SAN ANTONIO -- Members of the San Antonio Tea Party say they know first hand about the extra scrutiny the IRS has admitted to giving conservative groups applying for non-profit status in recent years.
George Rodriguez, former president of the San Antonio Tea Party, said they felt something wasn’t right when the IRS confronted them in 2011.
“We did not think the government would take these types of steps,” he said.
Rodriguez said the IRS started asking personal questions, like Facebook contacts and e-mail addresses for members of the party.
After a while, this cost the local Tea Party about half their members, Rodriguez said.
“We had a lot of folks within the movement that dropped out because of fear. Because they were afraid to say anything. Because they were afraid of association,” Rodriguez said.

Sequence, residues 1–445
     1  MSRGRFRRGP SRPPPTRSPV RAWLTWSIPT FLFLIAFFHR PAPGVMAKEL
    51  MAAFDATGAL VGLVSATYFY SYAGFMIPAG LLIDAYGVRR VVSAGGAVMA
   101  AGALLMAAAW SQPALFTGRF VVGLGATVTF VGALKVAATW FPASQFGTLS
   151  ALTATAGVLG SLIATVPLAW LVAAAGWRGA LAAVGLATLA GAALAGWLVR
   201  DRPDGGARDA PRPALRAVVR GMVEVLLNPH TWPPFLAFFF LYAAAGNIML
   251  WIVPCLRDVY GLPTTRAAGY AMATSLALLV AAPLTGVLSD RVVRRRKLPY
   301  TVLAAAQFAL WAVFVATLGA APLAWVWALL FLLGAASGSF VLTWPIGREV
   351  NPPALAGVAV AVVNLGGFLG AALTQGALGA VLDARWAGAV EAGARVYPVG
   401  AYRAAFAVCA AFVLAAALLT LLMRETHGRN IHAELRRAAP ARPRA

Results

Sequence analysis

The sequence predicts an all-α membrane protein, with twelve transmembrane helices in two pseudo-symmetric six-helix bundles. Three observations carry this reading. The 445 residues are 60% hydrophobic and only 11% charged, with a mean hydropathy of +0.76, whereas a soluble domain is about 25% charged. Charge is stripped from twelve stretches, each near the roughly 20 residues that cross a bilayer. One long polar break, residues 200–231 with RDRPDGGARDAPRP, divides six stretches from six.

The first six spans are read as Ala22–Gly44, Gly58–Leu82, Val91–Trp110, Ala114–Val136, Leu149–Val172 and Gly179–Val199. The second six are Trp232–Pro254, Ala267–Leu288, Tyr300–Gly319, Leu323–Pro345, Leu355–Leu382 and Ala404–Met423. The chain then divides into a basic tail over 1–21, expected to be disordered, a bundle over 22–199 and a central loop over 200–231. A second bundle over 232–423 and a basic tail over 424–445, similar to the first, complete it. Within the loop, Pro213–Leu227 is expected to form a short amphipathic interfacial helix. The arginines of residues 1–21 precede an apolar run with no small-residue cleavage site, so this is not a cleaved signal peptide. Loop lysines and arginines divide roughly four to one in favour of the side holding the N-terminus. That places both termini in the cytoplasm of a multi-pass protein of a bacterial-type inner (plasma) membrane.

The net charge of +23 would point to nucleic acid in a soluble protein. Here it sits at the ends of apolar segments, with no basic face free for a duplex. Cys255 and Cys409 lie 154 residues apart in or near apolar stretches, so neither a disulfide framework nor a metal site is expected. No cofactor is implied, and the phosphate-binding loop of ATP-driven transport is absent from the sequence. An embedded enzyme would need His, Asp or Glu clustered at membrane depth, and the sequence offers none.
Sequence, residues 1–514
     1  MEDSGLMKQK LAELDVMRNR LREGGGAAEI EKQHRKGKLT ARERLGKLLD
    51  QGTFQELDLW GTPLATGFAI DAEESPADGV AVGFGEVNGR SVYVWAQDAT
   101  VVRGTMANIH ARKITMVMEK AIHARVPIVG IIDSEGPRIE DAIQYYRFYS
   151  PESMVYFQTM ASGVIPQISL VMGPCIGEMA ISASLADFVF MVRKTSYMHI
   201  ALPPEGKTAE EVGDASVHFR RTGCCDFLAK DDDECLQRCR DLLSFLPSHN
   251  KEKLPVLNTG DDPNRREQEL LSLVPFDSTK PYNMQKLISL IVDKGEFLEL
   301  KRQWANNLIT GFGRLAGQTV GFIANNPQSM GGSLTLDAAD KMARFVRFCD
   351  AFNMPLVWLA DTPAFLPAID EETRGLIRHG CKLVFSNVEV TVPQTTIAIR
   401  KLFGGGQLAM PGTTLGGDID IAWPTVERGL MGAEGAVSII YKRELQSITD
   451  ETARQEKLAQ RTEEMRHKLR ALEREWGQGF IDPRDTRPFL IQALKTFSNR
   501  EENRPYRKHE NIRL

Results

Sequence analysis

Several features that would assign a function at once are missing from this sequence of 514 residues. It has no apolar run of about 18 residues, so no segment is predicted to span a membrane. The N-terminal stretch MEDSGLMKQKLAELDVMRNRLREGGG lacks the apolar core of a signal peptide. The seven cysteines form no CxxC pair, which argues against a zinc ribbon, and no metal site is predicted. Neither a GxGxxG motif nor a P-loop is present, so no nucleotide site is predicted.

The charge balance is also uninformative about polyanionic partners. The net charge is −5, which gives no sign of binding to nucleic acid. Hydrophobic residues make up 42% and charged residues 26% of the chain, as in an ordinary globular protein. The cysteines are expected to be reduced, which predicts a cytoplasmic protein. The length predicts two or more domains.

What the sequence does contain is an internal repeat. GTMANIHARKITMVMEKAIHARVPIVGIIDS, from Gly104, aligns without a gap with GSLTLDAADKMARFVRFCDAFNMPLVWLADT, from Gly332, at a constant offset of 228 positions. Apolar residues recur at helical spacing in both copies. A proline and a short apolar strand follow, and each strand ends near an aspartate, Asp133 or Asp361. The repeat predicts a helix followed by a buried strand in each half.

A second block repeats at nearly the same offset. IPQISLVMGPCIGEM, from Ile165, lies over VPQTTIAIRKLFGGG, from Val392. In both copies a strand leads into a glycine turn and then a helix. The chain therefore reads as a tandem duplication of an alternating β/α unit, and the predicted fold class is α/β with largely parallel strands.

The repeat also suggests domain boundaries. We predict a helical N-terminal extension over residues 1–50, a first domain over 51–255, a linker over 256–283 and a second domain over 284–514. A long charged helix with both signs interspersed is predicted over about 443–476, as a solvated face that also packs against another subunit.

Rodriguez said it ended up costing the San Antonio Tea Party several thousand dollars to hire attorneys and accountants to deal with months worth of audits and questions.
Rodriguez said he feels vindicated now that the issue has surfaced and his organization was cleared. He also wonders how many left-wing groups have been targeted by the IRS compared with conservative groups.
“I think that organizations on the left, like ACORN and others like that the unions, should be subjected to this kind of scrutiny as well,” Rodriguez said.